The observations of HR 8799c were made with the Keck II 10-metre telescope in Hawaii, one of the two largest optical telescopes in the world. The telescope's adaptive optics system corrects for distortion caused by Earth's atmosphere, making the view through Keck II sharper than through the Hubble Space Telescope.

Astronomers refer to this as spatial resolution. Seeing exoplanets around stars is like trying to see a firefly next to a spotlight. Keck's adaptive optics and high spatial resolution, combined with advanced data-processing techniques, allow astronomers to more clearly see both the stellar "spotlight" and planetary "firefly."

"We can directly image the planets around HR 8799 because they are all large, young, and very far from their parent star. This makes the system an excellent laboratory for studying exoplanet atmospheres," says coauthor Christian Marois of the National Research Council of Canada. "Since its discovery, this system just keeps surprising us."

Konopacky and her team will continue to study the super-sized planets to learn more details about their nature and their atmospheres. Future observations will be made using the recently upgraded OSIRIS instrument which utilizes a new diffraction grating -- the key component of the spectrograph that separates light according to wavelength, just like a prism. The new grating was developed at the Dunlap Institute and installed in the spectrograph in December 2012.

"These future observations will tell us much more about the planets in this system," says Dunlap Fellow Konopacky. "And the more we learn about this distant planetary system, the more we learn about our own."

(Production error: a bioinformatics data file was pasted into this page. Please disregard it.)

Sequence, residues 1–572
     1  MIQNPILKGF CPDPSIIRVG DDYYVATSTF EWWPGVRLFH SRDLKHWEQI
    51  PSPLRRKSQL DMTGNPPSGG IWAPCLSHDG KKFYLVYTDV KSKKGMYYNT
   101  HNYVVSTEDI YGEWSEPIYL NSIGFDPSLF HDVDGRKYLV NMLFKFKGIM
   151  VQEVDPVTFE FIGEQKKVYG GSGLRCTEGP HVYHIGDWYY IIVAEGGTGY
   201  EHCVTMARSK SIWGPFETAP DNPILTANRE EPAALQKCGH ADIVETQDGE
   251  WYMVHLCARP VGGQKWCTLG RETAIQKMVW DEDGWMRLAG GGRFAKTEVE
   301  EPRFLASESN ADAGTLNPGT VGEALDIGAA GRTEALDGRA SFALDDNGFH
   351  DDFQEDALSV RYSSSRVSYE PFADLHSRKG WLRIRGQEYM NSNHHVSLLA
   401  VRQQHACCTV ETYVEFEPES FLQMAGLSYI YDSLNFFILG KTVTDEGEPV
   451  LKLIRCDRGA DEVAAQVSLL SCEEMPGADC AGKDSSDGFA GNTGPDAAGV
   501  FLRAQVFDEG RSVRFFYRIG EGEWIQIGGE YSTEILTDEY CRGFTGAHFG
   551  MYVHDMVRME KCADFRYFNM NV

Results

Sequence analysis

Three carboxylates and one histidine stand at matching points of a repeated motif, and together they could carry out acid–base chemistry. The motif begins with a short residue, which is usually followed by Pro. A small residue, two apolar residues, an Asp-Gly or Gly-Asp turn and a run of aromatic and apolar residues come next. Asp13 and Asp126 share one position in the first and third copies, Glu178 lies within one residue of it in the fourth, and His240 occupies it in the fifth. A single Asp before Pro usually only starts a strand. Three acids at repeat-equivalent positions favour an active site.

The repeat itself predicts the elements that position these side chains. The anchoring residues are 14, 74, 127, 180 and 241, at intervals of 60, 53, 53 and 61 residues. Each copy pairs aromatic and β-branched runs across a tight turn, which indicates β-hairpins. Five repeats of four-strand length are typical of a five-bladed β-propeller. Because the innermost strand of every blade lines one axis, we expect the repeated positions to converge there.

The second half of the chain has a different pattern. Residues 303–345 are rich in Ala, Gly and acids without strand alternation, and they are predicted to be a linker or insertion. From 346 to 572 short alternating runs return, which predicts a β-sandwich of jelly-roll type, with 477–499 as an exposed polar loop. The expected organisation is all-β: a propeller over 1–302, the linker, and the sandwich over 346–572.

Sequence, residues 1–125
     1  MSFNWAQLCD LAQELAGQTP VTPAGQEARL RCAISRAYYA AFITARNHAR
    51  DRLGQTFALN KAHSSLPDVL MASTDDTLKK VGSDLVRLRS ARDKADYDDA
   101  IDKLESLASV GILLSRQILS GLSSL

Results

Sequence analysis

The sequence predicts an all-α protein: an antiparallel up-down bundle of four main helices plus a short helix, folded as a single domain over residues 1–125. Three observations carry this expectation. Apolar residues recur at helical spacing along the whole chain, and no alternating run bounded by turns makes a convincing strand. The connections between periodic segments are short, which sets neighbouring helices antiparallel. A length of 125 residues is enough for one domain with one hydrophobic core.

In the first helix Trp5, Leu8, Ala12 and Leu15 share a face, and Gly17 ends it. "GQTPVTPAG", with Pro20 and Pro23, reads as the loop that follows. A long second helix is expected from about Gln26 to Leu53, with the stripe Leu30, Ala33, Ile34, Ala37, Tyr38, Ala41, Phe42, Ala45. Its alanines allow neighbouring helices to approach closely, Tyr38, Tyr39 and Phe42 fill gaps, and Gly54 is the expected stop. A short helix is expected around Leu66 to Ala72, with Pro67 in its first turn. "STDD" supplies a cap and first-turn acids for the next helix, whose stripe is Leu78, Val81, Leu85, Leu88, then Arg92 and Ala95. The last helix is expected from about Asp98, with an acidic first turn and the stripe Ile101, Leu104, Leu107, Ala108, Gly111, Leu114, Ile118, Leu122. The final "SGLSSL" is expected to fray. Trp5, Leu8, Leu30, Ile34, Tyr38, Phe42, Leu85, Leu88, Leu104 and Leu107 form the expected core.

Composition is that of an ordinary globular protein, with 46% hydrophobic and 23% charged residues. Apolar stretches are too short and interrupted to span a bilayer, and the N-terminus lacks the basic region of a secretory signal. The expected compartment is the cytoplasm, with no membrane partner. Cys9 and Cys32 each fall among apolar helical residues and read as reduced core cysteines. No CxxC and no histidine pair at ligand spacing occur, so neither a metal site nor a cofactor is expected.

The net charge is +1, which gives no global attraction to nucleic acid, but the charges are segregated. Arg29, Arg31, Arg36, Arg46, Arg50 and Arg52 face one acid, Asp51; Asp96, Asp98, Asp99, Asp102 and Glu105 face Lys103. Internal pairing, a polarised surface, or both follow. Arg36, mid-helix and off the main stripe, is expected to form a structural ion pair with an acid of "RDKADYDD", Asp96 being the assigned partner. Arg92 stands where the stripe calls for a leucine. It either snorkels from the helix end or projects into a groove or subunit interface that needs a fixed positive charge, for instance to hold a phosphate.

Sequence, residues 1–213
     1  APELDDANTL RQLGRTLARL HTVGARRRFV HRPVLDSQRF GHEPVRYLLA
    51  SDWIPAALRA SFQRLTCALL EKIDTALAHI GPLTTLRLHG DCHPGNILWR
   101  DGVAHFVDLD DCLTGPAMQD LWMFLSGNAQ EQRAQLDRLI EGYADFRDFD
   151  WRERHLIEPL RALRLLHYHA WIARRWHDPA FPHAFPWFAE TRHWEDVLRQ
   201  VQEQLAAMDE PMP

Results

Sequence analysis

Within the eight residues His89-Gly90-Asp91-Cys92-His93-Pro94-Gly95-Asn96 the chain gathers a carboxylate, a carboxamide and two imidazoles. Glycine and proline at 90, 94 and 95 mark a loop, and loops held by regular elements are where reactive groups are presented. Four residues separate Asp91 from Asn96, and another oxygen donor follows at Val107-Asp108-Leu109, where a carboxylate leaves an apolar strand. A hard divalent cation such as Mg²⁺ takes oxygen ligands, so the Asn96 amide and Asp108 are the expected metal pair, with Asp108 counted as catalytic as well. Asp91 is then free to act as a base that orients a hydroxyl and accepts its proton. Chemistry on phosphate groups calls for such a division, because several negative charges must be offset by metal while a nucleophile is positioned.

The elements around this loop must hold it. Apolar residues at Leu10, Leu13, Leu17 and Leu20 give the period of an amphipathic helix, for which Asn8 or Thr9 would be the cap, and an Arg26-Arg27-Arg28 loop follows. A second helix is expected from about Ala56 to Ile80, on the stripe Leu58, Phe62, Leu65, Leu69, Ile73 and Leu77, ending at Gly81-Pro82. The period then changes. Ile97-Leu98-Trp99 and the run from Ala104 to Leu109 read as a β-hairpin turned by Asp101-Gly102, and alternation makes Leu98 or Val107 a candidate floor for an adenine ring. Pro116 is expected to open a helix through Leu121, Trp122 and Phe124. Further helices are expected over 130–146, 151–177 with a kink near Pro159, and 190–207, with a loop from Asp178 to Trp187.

Source:

http://www.sciencedaily.com/releases/2013/03/130314144211.htm

Friday
Mar012013

Radiation ring around Earth mysteriously appears, then dissipates

RING AROUND THE WORLD In September, a third ring appeared between the two known Van Allen radiation belts that girdle the Earth thousands of miles above. Johns Hopkins Univ. Applied Physics Laboratory/Univ. of Colorado Boulder Laboratory for Atmospheric and Space Physics

High above Earth’s surface float two rings of energetic charged particles, and for about four weeks in September, they were joined by a third. The temporary ring may have formed in response to a solar shock wave that passed by Earth, researchers report online February 28 in Science.

The discovery could force scientists to revisit decades of ideas about the structure of the Van Allen belts, donut-shaped rings of radiation trapped in orbit by the planet’s magnetic field. Those revisions could improve predictions of space weather and scientists’ understanding of the space environment near Earth, resulting in better protection for manned and unmanned spacecraft that navigate those areas.

“It's a very important discovery,” says Yuri Shprits of the University of California, Los Angeles, who wasn’t involved in the study. “Over half a century after the discovery of the radiation belts, this most important region of space where most of the satellites operate presents us with new puzzles.”

Until the discovery, researchers thought the Van Allen belts always contained two zones of high-energy particles: an inner zone made mostly of protons and some electrons, and an outer zone dominated by electrons. A sparsely populated area separates the zones. The belts run from the top of the atmosphere, some 1,000 kilometers above Earth’s surface, to as far as five or six Earth radii from the planet’s surface.

NASA’s early Explorer and Pioneer spacecraft discovered and mapped the belts in 1958. Scientists have since learned that the radiation reservoirs can fluctuate dramatically, especially in the outer zone. Disturbances such as solar storms that disrupt Earth’s magnetic field can cause the outer zone to change shape or to gain or lose particles.